Edmund Dwyer Gray senior

Published in Issue 3 (May/June 2017), Letters, Volume 25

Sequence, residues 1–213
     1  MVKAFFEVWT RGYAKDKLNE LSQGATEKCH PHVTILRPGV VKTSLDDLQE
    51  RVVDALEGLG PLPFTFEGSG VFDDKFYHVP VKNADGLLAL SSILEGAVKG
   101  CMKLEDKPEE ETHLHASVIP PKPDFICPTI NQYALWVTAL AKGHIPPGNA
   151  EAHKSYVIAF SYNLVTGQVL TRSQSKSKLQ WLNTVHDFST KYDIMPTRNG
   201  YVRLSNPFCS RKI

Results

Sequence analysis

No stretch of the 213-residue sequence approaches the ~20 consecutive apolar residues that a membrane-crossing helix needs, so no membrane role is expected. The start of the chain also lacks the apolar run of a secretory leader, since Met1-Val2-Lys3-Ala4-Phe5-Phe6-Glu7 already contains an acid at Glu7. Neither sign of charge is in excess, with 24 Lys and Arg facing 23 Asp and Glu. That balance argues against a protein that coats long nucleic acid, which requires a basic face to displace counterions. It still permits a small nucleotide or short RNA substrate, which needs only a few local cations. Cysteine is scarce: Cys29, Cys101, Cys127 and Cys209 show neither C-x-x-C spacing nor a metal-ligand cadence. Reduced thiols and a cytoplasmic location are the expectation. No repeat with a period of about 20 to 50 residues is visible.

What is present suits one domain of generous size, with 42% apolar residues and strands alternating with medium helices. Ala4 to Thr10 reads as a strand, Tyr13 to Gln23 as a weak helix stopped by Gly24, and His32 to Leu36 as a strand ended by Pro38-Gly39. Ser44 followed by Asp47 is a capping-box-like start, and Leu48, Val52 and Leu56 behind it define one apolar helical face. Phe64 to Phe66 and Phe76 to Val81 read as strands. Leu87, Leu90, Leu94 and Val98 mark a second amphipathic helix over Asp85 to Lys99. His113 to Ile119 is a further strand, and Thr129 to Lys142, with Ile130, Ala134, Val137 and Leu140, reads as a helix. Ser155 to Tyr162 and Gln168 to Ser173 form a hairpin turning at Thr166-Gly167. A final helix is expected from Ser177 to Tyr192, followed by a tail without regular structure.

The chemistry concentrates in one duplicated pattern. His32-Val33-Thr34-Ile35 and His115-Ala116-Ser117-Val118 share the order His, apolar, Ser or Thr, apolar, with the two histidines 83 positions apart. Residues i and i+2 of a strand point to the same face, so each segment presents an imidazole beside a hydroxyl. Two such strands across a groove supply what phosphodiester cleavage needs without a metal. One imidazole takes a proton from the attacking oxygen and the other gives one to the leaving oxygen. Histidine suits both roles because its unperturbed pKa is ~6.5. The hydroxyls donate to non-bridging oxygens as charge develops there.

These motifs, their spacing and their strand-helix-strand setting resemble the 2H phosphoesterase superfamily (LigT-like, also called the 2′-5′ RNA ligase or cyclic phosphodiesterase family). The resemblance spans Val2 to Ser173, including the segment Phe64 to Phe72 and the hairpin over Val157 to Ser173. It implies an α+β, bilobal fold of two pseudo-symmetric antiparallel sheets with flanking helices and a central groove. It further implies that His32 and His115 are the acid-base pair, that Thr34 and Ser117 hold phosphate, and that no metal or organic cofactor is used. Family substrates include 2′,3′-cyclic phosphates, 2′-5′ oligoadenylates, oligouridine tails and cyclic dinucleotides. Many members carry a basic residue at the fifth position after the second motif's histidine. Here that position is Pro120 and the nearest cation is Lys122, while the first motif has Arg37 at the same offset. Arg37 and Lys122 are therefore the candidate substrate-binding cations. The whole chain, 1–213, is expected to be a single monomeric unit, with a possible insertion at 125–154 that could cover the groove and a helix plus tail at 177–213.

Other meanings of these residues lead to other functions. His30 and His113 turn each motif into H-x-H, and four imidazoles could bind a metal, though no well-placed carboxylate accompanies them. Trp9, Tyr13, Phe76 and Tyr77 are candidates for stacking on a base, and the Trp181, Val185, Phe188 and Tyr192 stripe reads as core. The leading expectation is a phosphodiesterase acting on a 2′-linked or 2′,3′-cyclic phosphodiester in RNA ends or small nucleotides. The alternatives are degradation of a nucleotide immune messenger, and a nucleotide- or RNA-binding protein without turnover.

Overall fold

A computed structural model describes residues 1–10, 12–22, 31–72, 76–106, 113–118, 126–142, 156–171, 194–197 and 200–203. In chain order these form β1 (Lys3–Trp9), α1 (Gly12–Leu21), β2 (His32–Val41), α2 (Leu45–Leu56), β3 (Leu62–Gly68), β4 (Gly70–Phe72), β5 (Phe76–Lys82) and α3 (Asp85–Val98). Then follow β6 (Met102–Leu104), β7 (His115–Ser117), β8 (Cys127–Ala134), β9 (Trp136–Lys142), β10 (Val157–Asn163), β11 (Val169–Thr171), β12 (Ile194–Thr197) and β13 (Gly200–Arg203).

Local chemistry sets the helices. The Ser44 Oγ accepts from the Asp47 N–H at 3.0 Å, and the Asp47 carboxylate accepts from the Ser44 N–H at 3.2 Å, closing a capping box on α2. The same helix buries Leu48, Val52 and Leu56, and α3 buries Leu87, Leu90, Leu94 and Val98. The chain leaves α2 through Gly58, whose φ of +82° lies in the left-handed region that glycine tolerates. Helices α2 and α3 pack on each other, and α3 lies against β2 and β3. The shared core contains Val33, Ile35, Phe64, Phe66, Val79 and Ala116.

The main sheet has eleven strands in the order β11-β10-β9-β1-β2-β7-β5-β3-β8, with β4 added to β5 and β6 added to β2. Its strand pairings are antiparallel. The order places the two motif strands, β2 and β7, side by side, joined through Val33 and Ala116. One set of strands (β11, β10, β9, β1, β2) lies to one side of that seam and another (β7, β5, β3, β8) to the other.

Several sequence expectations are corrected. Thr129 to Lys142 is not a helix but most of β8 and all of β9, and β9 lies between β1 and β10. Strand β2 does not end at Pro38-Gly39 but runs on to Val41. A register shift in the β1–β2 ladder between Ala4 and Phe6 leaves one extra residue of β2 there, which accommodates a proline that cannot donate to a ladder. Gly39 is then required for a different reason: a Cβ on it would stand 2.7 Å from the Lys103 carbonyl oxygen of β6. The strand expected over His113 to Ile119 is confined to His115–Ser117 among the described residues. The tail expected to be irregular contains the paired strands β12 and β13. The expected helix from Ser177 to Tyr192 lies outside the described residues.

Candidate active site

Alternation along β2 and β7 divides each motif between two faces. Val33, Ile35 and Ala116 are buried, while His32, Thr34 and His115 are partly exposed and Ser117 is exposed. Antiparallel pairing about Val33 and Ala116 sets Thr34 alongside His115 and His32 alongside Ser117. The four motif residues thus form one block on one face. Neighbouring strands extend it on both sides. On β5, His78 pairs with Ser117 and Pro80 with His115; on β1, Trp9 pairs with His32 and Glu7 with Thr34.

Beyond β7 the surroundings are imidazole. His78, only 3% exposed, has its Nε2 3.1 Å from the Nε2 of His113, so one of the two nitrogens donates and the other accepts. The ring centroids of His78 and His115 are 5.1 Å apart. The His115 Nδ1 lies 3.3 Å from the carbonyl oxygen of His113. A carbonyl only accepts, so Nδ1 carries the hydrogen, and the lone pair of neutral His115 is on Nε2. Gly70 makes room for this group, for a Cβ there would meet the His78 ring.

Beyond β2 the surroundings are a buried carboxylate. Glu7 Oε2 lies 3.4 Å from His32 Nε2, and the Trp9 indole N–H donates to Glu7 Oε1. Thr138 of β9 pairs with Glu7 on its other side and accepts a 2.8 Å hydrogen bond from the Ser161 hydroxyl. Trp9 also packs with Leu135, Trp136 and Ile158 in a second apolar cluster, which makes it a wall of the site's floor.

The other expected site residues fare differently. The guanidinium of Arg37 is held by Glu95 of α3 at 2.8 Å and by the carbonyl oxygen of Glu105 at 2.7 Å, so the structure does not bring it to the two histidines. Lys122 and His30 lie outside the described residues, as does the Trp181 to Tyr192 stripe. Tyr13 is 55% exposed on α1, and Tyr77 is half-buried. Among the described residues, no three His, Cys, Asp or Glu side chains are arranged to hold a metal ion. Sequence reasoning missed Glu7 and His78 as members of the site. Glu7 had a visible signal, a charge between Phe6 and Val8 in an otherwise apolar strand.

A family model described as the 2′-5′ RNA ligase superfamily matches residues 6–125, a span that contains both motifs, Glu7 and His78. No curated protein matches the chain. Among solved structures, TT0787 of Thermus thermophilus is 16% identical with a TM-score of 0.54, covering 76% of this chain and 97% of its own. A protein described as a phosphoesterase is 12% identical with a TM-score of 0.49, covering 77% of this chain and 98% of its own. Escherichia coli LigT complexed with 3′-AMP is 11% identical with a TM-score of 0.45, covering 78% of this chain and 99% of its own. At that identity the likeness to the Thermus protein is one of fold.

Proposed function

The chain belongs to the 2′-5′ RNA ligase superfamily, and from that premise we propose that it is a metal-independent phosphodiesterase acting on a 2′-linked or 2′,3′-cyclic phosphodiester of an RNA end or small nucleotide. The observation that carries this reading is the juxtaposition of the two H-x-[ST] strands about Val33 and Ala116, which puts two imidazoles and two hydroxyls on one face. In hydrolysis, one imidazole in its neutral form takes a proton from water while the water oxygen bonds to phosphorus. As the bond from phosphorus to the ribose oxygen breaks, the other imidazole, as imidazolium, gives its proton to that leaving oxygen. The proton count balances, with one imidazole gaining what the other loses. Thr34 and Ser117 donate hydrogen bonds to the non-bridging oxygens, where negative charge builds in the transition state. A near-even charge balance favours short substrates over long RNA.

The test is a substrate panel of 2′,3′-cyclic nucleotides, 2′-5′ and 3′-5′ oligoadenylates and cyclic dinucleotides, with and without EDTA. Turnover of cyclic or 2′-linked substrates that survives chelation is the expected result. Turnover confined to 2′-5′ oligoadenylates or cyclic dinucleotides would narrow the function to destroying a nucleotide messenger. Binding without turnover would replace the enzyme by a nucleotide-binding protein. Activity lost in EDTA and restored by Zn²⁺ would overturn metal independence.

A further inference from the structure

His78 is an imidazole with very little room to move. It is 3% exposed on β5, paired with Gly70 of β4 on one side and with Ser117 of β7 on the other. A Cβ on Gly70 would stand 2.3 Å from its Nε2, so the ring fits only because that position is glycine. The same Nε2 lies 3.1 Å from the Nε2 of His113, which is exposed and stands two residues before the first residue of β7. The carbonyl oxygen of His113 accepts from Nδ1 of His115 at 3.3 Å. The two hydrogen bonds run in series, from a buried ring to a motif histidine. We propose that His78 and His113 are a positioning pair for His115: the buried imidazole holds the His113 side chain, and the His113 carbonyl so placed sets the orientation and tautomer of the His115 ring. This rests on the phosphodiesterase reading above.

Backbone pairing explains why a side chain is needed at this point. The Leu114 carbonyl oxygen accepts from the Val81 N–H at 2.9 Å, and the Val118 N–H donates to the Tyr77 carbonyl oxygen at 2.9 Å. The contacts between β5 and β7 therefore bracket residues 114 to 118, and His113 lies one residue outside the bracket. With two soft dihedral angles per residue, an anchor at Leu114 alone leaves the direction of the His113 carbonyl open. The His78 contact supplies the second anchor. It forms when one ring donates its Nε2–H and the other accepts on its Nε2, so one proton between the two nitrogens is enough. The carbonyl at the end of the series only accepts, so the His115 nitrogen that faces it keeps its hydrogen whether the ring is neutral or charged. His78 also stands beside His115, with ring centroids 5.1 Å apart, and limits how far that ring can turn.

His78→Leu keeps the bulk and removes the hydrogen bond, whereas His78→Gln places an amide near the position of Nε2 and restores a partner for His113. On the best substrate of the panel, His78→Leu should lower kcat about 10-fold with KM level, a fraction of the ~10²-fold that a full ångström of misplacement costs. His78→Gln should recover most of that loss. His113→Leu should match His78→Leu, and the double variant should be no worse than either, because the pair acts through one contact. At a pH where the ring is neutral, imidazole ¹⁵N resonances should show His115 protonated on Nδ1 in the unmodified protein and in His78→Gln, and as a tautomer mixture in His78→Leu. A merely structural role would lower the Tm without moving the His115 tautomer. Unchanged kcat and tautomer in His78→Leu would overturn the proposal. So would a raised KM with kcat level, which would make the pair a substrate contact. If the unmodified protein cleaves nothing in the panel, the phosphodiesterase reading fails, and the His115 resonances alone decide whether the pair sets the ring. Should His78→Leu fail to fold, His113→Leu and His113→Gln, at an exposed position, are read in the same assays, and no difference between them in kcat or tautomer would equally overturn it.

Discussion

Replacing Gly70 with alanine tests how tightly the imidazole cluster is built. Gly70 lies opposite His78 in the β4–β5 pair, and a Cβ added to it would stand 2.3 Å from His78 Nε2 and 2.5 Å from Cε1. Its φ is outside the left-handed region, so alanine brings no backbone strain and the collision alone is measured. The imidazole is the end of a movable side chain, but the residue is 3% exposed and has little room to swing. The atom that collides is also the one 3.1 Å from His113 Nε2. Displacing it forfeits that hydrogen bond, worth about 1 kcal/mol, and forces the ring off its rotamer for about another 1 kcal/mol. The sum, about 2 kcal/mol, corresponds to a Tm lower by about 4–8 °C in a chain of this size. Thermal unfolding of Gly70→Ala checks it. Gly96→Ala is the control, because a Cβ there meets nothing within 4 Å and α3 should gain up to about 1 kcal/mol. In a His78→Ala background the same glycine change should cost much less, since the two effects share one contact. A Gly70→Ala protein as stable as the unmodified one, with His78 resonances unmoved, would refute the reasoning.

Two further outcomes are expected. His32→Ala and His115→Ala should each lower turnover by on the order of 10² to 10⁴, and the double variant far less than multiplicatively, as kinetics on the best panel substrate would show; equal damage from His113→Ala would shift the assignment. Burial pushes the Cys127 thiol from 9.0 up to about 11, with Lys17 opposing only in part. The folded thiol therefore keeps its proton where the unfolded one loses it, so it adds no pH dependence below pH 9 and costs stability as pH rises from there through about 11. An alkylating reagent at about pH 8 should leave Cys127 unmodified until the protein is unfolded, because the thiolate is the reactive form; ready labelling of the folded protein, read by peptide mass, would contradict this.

Sir,—In his article ‘Edmund Dwyer Gray Jr in Tasmania’ (HI 25.2, March/April 2017), Felix M. Larkin made reference to his father, also Edmund Dwyer Gray, who was a very interesting man in his own right. Edmund Dwyer Gray was the son of Sir John Gray, proprietor of the Freeman’s Journal and MP for Kilkenny City. When Sir John died, his son succeeded him as owner of the Freeman’s and contested his father’s seat (unsuccessfully) in 1875. However, in 1877 he was elected MP for County Tipperary in the Home Rule interest in the by-election following the death of the Hon. William Frederick Ormonde O’Callaghan. In the general election of 1880 he was elected as MP for Carlow County. That same year he became lord mayor of Dublin and during his tenure he was chairman of the Dublin Mansion House Committee, which collected £180,000 for the relief of distress in Ireland. In 1882 he became high sheriff of Dublin and while holding this position was sentenced to three months’ imprisonment and fined £500 for contempt of court, having published a letter in the Freeman’s from William O’Brien (later MP for Mallow), accusing the jury who convicted Francis Hynes of the murder of John Doolaghty of having been drunk the night before their verdict was returned. The fine was paid by public subscription and after six weeks’ incarceration he was released. Following his conviction, the County Borough Council of Limerick elected him to the Roll of the Honorary Freedom of Limerick City ‘in appreciation of his public services to Ireland and in sympathy with his present imprisonment’. He successfully stood for two constituencies in the general election of 1885, Carlow County, where he was re-elected, and the St Stephen’s Green Division in Dublin, but decided to represent the latter. He died on 27 March 1888, aged 42 years, after a brief illness at his residence, Pembroke House, Dublin.—Yours etc.,



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